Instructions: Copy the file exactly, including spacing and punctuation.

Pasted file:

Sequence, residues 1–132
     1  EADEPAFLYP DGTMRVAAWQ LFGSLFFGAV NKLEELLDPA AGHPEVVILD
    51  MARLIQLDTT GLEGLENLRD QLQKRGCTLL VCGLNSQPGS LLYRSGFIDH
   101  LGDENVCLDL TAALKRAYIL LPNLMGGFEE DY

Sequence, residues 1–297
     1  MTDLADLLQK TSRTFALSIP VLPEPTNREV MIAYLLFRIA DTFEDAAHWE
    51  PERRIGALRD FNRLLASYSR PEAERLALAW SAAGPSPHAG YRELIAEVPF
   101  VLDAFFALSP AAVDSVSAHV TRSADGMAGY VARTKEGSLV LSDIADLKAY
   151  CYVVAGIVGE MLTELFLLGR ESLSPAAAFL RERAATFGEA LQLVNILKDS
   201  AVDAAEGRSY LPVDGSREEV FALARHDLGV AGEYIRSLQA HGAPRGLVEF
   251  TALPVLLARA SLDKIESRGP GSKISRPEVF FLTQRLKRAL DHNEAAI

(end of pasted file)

Sequence, residues 1–132
     1  EADEPAFLYP DGTMRVAAWQ LFGSLFFGAV NKLEELLDPA AGHPEVVILD
    51  MARLIQLDTT GLEGLENLRD QLQKRGCTLL VCGLNSQPGS LLYRSGFIDH
   101  LGDENVCLDL TAALKRAYIL LPNLMGGFEE DY

Sequence, residues 1–297
     1  MTDLADLLQK TSRTFALSIP VLPEPTNREV MIAYLLFRIA DTFEDAAHWE
    51  PERRIGALRD FNRLLASYSR PEAERLALAW SAAGPSPHAG YRELIAEVPF
   101  VLDAFFALSP AAVDSVSAHV TRSADGMAGY VARTKEGSLV LSDIADLKAY
   151  CYVVAGIVGE MLTELFLLGR ESLSPAAAFL RERAATFGEA LQLVNILKDS
   201  AVDAAEGRSY LPVDGSREEV FALARHDLGV AGEYIRSLQA HGAPRGLVEF
   251  TALPVLLARA SLDKIESRGP GSKISRPEVF FLTQRLKRAL DHNEAAI